Join James Williamson for an in-depth discussion in this video Prototyping tools, part of Introduction to Web Design and Development.
- Prototypes are an important way of conveying the design and functionality of projects to clients and potential users. Prototypes are not mock ups. They're functioning examples of pages or sites that could help you iterate and develop your projects by getting valuable feedback on how effective and usable your design is. Since prototyping is so specialized, specific prototyping tools have emerged to help you create them. I want to take a look at some of the prototyping tools out there and how to decide if they're right for your projects.
Picking the right tool first starts with understanding what the focus of your prototype is going to be. Will it show a single feature that you want feedback on or is it a wider representation of the entire site? Will it need to accept user input or are you getting feedback on things like site navigation? In large part the tool that you choose is going to be driven by what you need the prototype to do. I'm going to start with some of the tools that you're probably familiar with.
Powerpoint and Keynote, and here you're seeing a little bit of a Keynote prototype that I built a little while back. Both Powerpoint and Keynote are a powerful presentation tools and you can use them to build prototypes of varying degrees of fidelity. You know, the fact that you can do things like linking slides together using animations and transitions and import multiple asset types, makes them really an ideal choice for a lot of different types of prototypes even though most people might not initially think of them as web prototyping tools.
Adobe's Creative Cloud features several programs like Photoshop, Illustrator, Fireworks, and Dreamwaver that can be used to create prototypes. Newer tools from Adobe like Muse, Edge Animate, and Edge Reflow can also simulate complex web interactions fairly quickly. For some reason people tend to leave Acrobat off of their list of prototyping tools. You know in reality Acrobat is a fantastic tool for prototyping. It features things like clickable links, interactive form elements and the ability to embed rich media like videos directly inside of PDFs.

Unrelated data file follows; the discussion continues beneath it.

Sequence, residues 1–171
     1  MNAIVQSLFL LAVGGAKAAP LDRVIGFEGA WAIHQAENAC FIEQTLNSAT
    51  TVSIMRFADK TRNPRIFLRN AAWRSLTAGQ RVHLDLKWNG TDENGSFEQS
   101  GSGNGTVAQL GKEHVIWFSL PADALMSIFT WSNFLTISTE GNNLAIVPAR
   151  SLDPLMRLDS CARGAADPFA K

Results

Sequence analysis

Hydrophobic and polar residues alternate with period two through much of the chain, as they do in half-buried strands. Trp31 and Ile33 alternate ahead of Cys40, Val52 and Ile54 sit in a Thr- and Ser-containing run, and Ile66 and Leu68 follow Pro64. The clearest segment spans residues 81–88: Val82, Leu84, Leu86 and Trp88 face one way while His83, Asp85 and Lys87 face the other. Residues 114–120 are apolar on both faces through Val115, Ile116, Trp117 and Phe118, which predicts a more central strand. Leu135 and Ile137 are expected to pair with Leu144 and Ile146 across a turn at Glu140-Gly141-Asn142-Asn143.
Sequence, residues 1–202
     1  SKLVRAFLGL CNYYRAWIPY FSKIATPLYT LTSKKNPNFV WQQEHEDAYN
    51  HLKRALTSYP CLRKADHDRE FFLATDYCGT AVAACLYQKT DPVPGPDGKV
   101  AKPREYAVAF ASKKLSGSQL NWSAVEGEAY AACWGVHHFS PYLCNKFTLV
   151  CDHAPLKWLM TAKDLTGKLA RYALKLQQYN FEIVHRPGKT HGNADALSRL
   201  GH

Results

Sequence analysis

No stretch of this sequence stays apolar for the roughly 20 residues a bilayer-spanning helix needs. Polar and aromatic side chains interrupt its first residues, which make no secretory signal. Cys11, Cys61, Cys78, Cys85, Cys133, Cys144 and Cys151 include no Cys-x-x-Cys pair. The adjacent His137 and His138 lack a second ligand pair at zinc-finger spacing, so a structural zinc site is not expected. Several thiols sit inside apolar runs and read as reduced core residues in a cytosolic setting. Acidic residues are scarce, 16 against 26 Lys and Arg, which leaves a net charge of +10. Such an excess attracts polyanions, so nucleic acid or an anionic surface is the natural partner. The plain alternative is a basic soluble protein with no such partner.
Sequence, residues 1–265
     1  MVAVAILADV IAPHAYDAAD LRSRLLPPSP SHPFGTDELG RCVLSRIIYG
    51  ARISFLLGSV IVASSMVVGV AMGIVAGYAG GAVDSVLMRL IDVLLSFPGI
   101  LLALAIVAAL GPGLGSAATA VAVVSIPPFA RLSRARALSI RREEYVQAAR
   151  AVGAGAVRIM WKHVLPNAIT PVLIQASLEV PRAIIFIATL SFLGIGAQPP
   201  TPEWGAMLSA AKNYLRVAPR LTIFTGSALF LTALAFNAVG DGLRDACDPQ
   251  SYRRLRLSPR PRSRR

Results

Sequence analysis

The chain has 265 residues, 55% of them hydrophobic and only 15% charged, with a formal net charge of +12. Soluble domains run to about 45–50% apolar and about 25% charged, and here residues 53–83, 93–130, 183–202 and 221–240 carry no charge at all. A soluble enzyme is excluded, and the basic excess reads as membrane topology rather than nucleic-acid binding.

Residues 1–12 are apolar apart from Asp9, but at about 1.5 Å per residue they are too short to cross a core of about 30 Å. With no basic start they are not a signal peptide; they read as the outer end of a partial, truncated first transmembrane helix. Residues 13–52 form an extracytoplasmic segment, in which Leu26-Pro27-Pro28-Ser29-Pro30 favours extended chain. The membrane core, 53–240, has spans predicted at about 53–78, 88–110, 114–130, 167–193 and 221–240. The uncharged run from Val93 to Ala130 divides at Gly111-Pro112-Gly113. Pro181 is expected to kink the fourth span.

What's more, since the Acrobat Reader is so widespread distributing prototypes made with Acrobat is really really simple to do. Visio and OmniGraffle are two of the most widely used prototype creation tools on the market. Although primarily a diagramming tool, Visio's main strengths lie in wire framing sites and applications and then creating click through prototypes that simulate application flow. Similar to Visio, OmniGraffle is well suited to creating wire frames, content maps and simulating different types of application flow as well.
Now Visio is Windows only and OmniGraffle is available only for the Mac. Although it does feature several import and export features for Visio files. Now there's also several tools that have been developed specifically for building web prototypes. Tools like Axures Pro and Balsamiq feature multiple tools for wire framing and creating low to high fidelity prototypes. I also recommend checking out justinminds' prototyper and Antetype.
Both have extensive prototyping features that will help you rapidly build and share prototypes. It's becoming more common for designers to build prototypes in HTML and CSS just like this really really simple click through HTML prototype that you're looking at here. There's actually several really nice advantages for using this technique. You're already working for example with the technology that the site's going to ultimately be built in and you're previewing it directly within the browser.
To speed up the development of HTML prototypes, a lot of designers use frame works, like Bootstrap and Zurb's Foundation. Now these frameworks come with built in styles that can control design and layout and they have scripts that can help simulate functionality. Whether you use a frame work to help you build your prototypes or if you build them yourself it's really largely going to be a personal decision and it's usually based on coding standards and how quickly you need to iterate through prototypes. When you're first starting out I recommend staying with what you already know.
Although there are a huge number of tools out there that are dedicated solely to prototyping chances are you already worked with software that could build what you need. Tools and techniques come and go. Focus more on establishing a prototyping workflow that's going to generate the types of prototypes you need and then adopt the tools that are going to help you build them.
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- What is web design?
- What is a web designer?
- Learning to code
- Choosing a web host
- Working with a CMS
- Exploring how websites are structured
- Choosing your framework or software
- Designing with standards and accessibility in mind